Is it Time to End Aerial Demonstrations as a Recruiting Tool for the Armed Services?

Sadly, Army Golden Knight parachute team member Sgt. First Class Corey Hood, 32, of Cincinnati, Ohio tragically lost his life one day after being injured while performing at the Chicago Air and Water Show on August 15, 2015. Sergeant Hood was attempting to do a stunt called the “bomb blast” and upon release of the formation he collided with a member of the Navy’s elite parachuting team, the ‘Leap Frogs’. The collision rendered him unconscious and witnesses said he clipped a building on his decent also. This leads us to the question of whether it’s time to put an end to these types of aerial demonstrations at events across the country.

The military services routinely use such things as the Army Golden Knights, Navy Blue Angels and Air Force Thunderbird demonstration teams to help with recruiting and to show off the prowess of each branch of the military. One seriously has to wonder whether these dangerous demonstrations are worth the risks that come along with them. Sergeant Hood was a highly decorated 14 year Army veteran who served his country proudly and now leaves behind his wife. The veteran soldier had over 500 jumps under his belt and that only highlights the fact as to just how dangerous these aerial demonstrations can be; if it can happen to someone who is that experienced, it can happen to anyone.

A look at the history of the Golden Knights demonstration team shows that this is far from an isolated incident. The first fatality involving a demonstration team member at a show happened in Corpus Christi, TX, on June 20, 1970; Staff Sergeant Arnie Arrellano was the team member who died during the performance that day. Another team member, Tom “TJ” Johnson, died while doing a performance during a show in Fredericksburg, VA on June 15, 1980.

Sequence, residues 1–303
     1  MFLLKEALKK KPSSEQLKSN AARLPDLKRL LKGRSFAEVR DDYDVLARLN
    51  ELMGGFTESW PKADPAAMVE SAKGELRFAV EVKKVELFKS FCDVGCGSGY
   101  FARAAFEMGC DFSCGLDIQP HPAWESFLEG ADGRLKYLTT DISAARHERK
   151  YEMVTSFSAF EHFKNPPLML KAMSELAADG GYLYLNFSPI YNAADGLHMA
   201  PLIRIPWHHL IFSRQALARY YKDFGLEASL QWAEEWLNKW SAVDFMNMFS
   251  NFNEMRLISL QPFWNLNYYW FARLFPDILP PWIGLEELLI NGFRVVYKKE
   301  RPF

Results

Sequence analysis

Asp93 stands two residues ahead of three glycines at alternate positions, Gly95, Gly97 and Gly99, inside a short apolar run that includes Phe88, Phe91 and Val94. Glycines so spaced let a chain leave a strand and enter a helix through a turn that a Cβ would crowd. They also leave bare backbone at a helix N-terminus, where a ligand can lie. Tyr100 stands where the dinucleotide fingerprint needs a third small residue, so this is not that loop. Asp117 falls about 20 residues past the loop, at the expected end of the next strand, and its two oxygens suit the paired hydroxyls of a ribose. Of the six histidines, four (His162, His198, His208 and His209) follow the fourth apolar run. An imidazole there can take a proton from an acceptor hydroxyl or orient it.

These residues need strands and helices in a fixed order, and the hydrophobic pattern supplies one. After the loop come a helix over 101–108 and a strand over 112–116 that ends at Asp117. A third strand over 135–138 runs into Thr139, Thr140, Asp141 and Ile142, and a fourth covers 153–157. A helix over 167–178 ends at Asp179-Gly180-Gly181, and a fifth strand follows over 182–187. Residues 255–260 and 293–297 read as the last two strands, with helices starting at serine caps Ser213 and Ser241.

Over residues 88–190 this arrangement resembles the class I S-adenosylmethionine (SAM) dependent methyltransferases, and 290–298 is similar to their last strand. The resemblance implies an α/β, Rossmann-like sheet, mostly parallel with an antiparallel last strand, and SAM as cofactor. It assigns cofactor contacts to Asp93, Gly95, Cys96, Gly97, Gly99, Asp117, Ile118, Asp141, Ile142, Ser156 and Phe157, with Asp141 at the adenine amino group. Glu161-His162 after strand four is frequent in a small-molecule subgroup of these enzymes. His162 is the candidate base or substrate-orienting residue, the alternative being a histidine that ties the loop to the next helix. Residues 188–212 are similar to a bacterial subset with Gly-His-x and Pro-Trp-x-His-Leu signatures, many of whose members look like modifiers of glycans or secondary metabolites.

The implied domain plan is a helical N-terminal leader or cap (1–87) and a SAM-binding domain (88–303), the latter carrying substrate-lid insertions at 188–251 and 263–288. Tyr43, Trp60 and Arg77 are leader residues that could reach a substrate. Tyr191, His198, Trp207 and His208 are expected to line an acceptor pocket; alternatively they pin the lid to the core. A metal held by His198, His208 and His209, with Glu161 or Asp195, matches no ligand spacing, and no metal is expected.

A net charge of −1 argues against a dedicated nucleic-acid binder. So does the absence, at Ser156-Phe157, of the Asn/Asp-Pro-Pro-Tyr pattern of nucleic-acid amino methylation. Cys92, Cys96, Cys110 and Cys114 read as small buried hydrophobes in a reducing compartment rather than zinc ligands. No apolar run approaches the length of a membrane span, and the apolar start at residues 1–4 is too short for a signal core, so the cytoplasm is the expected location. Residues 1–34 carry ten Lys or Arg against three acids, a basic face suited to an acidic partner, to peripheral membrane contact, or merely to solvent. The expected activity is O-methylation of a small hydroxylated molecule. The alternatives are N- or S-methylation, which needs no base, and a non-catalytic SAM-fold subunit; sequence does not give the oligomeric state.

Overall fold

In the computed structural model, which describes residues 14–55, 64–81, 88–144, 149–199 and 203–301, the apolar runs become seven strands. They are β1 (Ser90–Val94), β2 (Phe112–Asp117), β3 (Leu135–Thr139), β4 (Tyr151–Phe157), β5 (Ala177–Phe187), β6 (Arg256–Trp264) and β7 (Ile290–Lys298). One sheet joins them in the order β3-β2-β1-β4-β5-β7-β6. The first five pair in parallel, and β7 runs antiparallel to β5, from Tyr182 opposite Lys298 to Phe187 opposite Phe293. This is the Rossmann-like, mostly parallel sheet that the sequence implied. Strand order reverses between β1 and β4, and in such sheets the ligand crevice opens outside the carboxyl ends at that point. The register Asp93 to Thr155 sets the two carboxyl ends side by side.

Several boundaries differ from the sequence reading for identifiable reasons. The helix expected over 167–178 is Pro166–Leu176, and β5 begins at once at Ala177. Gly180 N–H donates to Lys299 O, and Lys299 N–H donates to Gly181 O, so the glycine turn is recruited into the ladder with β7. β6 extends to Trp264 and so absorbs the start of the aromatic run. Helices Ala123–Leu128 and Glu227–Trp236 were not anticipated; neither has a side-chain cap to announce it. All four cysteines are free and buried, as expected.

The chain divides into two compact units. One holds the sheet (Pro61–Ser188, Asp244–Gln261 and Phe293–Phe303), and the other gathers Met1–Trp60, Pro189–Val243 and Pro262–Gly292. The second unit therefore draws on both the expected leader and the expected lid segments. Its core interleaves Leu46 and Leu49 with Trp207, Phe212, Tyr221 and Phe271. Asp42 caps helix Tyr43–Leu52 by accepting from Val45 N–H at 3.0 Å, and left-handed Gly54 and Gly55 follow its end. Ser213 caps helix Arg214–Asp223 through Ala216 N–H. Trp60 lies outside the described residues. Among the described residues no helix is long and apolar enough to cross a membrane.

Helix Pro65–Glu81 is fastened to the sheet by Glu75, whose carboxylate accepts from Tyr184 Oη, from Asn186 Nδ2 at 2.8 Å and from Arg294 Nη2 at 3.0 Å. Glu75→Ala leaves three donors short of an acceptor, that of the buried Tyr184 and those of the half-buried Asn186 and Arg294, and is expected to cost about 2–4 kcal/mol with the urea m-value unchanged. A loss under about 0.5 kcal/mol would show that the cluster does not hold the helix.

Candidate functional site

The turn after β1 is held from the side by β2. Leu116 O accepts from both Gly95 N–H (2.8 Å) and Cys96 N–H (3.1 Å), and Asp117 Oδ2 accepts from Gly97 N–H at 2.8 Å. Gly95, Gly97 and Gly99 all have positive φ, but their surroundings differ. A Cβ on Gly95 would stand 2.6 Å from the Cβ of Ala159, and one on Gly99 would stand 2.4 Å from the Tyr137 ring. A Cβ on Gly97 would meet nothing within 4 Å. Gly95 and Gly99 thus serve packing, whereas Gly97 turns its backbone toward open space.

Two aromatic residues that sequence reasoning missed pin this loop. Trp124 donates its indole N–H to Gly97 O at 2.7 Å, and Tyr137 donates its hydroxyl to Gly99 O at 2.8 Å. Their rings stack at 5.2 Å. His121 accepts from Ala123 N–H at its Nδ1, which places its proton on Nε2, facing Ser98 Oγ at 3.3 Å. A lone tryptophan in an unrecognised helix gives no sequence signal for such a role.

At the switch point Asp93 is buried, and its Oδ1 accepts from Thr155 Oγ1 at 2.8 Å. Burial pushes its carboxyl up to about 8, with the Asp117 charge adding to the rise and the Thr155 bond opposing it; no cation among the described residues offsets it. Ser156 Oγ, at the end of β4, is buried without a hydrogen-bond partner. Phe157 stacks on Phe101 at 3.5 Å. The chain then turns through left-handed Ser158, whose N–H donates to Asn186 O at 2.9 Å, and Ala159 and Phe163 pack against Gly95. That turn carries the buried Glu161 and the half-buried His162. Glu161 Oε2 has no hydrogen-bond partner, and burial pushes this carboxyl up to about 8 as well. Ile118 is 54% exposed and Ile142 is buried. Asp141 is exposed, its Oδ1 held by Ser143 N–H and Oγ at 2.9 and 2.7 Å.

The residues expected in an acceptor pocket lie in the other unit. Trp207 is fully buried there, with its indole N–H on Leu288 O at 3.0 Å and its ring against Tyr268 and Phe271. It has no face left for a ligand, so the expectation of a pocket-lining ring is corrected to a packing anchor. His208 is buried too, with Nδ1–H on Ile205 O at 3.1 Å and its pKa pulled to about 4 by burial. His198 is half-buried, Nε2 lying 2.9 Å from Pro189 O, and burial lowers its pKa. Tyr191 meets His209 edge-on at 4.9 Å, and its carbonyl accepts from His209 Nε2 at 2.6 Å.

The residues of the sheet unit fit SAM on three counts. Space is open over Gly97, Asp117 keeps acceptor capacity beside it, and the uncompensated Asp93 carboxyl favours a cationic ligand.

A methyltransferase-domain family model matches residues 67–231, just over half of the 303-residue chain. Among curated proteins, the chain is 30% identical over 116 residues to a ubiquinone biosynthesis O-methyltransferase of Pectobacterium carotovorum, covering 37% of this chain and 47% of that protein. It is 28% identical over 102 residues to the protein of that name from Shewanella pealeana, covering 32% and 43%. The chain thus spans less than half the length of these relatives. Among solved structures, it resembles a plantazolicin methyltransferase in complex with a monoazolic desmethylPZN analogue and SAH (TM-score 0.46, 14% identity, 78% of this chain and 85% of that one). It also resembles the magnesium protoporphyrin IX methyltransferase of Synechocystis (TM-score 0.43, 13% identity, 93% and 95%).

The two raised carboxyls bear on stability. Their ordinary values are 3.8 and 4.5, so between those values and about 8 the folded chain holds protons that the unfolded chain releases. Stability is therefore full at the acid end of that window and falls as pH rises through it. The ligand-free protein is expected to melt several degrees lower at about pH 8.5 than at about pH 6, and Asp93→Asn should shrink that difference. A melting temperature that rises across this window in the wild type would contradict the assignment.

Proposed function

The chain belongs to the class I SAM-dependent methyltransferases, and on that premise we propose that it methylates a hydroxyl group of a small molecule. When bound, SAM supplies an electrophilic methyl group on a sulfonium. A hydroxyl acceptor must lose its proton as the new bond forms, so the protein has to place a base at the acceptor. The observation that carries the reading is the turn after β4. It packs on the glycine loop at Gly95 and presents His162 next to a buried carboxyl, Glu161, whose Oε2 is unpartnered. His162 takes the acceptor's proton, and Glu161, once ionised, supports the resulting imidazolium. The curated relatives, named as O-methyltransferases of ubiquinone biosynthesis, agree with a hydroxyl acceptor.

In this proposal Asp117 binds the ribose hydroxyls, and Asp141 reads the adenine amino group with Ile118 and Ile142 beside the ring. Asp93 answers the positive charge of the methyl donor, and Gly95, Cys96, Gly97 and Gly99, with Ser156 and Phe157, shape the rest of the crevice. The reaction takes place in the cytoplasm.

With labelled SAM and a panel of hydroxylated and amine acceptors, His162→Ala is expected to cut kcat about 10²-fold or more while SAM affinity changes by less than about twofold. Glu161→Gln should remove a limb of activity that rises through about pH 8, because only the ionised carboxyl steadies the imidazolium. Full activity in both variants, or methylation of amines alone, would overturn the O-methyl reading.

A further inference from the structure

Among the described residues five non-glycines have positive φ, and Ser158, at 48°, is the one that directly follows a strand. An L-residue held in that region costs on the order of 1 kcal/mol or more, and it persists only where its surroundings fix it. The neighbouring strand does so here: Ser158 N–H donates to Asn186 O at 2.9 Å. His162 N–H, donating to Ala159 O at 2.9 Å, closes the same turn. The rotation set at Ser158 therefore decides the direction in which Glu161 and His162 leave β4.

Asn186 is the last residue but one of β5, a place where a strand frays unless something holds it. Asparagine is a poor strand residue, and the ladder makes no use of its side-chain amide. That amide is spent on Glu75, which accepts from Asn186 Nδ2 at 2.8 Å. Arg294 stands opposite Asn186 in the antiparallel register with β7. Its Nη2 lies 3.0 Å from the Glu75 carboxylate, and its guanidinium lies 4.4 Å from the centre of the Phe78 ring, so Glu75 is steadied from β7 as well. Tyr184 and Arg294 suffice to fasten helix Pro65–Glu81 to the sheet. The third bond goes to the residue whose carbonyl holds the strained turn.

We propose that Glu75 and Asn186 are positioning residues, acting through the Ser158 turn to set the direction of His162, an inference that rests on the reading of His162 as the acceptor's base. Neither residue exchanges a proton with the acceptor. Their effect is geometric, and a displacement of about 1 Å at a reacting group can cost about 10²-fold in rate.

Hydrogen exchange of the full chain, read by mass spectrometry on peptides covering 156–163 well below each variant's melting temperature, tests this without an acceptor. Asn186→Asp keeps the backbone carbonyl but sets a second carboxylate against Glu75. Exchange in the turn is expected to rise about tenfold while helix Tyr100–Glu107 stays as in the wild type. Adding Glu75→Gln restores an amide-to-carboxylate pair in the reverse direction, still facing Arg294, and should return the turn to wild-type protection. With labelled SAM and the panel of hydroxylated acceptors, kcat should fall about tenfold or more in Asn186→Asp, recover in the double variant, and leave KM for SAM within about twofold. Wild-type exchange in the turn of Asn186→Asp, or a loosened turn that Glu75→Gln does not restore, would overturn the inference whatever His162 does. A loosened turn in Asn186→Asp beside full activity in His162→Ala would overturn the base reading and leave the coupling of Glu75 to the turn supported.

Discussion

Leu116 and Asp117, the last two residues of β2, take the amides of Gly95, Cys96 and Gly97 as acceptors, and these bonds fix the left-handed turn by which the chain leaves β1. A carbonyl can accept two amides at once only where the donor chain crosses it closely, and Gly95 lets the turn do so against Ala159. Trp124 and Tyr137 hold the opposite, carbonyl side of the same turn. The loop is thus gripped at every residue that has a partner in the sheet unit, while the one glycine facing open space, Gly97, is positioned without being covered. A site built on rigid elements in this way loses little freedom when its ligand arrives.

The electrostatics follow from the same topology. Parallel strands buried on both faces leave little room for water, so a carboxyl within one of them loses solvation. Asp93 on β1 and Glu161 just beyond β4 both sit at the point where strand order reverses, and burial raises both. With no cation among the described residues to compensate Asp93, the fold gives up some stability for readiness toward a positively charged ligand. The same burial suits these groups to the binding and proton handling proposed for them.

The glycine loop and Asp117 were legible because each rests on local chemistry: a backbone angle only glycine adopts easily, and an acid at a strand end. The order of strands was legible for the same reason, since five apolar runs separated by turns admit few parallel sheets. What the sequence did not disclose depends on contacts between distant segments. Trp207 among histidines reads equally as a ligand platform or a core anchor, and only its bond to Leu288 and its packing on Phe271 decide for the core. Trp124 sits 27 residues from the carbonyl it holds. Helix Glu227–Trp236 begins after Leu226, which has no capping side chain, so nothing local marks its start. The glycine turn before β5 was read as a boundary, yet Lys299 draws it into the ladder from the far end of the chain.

Army ParachuteSome people may think that losing three soldiers to something as dangerous as parachuting demonstrations would not seem out of the ordinary in the program’s 54 year history, but if you look closer there are definitely more issues that raise an eyebrow. On March 8, 1973, the C-47 aircraft that was transporting the team to a demonstration in Overland, KS crashed shortly after takeoff, killing all 14 of the Golden Knight’s team members aboard. Another accident happened on September 24, 1961 when a short take off version of the teams C-123 transport aircraft crashed on takeoff at an airshow at the New Hanover County Airport in Wilmington, NC; the teams photographer and two members of the flight crew lost their lives as well as several of the jumpers themselves sustaining major injuries. At least four more members have been killed during training.

The other service’s demonstration teams are not without their share of incidents either. The Navy’s Blue Angel’s flight demonstration team has suffered almost 50 incidents in airshows and practice that have resulted in over 24 deaths to the pilots that were involved in those incidents. The Air Force Thunderbirds have been involved in 5 airshow incidents and 13 practice incidents since their inception in 1953, many of which have involved fatalities; the worst of the incidents occurred on January 18, 1982 when 4 pilots lost their lives practicing a maneuver at Indian Springs Air Force Auxiliary Field, Nevada (miraculously, it was the last fatality suffered by the Air Force Thunderbirds demonstration team).

The performances put on by these military members are truly exhilarating to watch, but the military needs to seriously start considering that the price these demonstration team members sometimes pay may be far too high for the benefit the armed services receives from these displays.

Disclaimer: The content in this article is the opinion of the writer and does not necessarily reflect the policies or opinions of US Patriot Tactical.

Craig Smith

Craig has been writing for several years but just recently made freelance writing a full time profession after leaving behind 26 years working in the swimming pool construction industry. He served four years in the US Air Force as an Imagery Interpreter Specialist in Okinawa, Japan and at SAC Headquarters in Omaha, Nebraska. As a staunch supporter of law enforcement personnel, emergency medical technicians, firemen, search and rescue personnel and those who serve in the military, Craig is proud to contribute to the US Patriot blog on their behalf.
Craig Smith

3 thoughts on “Is it Time to End Aerial Demonstrations as a Recruiting Tool for the Armed Services?

  1. Dude stop being a *****. We all volunteer for our jobs and we can get wasted in a stunt show or in combat, whatever God chooses for us. Leave well enough alone and let us do what we do.

  2. I was at the site in Corpus Christi in 1968 when Arnie Arrellano fell to his death. Got the date wrong. Sorry.

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